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Checking the National Construction Code Is Essential
December 13, 2019

We need a simple and agreed way of self-assessing and quality assuring building work against the regulations. Jerry Tyrrell pleads for clarity.

Journalists are taught to write  a ‘hook’ at the beginning of an article to grab the reader’s attention.

Gun violence in the United States kills or injures more than 100,000 people a year and causes $1 trillion of societal harm.

Now I have your attention:

The millions of often serious construction defects I have seen over 45 years were preventable. No one reads the National Construction Code (NCC) on building sites, let alone the draft of NCC 2019 (Vol 1, 495 pages; Vol 2, 476 pages; Vol 3 – who cares).  The Federal Government requires the Australian Building Codes Board (ABCB) to follow it’s ‘best practice regulation’. The NCC is considered by some to be a complex document that can be difficult to interpret by either regular or newer users including students, product manufacturers or home owners. (Extract from ABCB NCC Readability Project).

I acknowledge that the NCC is a great concept and is making progress on the structure and ease of access to its content. It is free online.  But we are still burdened by tautology we don’t ever read, plus confusion about compliance. Tautology means: Saying the same thing twice in different words, generally considered to be a fault of style (Oxford Dictionary). Repetitious, reiteration, redundancy, superfluity, periphrasis, duplication (Wikipedia).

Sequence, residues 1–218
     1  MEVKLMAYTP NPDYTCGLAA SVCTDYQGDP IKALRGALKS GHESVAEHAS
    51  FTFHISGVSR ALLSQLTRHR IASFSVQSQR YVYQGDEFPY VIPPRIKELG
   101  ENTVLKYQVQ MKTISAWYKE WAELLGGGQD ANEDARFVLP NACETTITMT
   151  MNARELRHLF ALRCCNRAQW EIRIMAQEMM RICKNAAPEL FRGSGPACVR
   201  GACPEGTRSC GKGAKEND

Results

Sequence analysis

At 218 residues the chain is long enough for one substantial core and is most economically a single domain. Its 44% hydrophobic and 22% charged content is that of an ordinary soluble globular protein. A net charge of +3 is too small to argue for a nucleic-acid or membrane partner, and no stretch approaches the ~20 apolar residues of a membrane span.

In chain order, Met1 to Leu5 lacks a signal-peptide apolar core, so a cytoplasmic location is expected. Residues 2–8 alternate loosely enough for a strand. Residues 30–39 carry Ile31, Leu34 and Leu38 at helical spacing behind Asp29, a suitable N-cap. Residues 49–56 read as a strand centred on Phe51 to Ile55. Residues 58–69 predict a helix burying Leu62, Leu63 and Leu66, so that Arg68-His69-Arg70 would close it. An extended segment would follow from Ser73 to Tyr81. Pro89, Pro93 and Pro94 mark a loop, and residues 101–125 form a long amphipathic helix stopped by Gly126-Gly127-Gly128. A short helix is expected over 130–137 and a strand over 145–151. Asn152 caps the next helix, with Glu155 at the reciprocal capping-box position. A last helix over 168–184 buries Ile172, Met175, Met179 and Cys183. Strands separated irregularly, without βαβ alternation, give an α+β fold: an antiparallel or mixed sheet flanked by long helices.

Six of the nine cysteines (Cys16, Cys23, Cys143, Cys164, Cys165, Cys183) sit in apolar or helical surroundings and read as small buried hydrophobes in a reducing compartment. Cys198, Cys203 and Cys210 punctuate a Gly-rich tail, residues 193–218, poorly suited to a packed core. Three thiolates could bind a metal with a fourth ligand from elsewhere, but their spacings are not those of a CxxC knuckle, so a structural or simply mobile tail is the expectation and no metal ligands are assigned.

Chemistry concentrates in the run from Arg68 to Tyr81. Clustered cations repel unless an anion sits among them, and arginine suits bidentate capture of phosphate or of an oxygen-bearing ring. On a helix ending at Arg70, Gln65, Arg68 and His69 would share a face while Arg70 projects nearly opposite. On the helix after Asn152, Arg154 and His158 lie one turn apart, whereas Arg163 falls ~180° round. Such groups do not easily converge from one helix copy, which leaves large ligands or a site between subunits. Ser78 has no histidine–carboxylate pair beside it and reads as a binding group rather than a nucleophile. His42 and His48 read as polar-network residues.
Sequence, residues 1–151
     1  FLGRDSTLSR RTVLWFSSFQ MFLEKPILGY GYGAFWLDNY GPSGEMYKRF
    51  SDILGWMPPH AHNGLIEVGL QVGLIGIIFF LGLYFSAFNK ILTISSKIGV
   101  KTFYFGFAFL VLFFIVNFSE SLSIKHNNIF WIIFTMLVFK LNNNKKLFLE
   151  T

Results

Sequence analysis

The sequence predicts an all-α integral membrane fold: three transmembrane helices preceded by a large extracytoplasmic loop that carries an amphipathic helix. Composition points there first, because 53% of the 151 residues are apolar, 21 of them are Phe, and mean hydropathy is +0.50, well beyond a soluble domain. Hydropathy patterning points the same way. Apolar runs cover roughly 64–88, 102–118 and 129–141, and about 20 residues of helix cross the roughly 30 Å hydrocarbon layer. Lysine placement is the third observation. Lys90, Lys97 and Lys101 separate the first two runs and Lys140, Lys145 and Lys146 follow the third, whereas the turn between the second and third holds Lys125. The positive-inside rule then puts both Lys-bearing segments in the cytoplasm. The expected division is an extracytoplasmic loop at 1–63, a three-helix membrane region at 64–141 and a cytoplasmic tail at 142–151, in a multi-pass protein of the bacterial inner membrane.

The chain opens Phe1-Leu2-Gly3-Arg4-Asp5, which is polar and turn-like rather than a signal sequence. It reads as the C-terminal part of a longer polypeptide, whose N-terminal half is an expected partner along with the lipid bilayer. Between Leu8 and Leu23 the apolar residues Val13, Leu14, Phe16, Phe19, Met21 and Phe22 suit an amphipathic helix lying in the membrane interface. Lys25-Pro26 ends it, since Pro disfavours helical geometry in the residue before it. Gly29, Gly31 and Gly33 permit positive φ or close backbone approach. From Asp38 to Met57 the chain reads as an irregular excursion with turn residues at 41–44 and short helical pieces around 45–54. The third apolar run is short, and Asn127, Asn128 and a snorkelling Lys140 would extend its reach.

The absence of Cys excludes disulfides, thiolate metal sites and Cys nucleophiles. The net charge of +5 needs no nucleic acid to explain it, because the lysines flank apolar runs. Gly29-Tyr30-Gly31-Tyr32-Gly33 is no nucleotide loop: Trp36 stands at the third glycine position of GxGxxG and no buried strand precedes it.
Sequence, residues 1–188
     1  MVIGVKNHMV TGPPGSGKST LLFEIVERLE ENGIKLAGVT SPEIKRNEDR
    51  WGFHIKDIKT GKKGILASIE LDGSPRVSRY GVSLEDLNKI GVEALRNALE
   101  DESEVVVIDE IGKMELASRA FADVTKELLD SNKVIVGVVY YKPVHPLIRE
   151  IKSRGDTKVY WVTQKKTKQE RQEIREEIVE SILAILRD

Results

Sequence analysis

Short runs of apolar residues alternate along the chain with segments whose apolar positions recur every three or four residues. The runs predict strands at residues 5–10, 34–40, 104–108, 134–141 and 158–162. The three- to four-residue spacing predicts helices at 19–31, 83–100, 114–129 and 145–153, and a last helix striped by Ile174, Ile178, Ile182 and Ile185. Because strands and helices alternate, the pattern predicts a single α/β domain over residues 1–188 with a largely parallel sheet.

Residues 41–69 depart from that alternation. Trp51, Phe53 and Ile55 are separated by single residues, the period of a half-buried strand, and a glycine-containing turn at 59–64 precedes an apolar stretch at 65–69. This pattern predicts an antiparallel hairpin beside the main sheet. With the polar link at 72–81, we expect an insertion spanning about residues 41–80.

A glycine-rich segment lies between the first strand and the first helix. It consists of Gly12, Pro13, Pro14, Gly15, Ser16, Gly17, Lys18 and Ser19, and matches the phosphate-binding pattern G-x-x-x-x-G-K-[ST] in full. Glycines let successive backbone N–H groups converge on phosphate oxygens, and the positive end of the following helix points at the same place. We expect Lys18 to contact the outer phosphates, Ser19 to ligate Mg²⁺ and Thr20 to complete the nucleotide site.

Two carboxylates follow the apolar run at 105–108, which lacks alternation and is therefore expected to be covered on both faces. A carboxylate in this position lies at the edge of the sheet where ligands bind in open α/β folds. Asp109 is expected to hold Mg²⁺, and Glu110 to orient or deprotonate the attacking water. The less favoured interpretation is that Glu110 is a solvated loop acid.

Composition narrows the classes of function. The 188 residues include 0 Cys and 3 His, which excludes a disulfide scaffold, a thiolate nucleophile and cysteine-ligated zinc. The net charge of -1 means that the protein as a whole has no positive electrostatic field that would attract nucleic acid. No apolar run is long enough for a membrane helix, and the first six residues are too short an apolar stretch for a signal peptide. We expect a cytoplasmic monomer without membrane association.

NCC 2019 Draft

I was invited via email to make comment on NCC 2019, but this is hard to do without spending a lot of time.  The elephant in the room is not just the hundreds of thousands of words: it is the three-volume structure and inflexible mindset of bureaucrats and way these documents started out.  The ABCB wants its documents to be read and understood. So let’s look at how this can happen.

We builders and designers want  to comply with the building rules and use the best methods when we build anything.  Thirty-five years ago the founding fathers of the Building Code of Australia could not foresee how their information would be used and the way technology could help.

So let’s summarise how NCC 2019 should achieve this.

Classes of buildings

This is a good example of the readability and structural problems in the NCC.  Identical information on the classification of buildings is found three times in separate Volumes. And it is supported by the ABCB’s excellent but wordy four-page summary on its website.  I have added a few little things to my one-page diagram. This diagram is a good example of what the NCC can do – summarise seven pages into one annotated diagram. It is more ‘readable’ because of the diagram format. See Figure 1.

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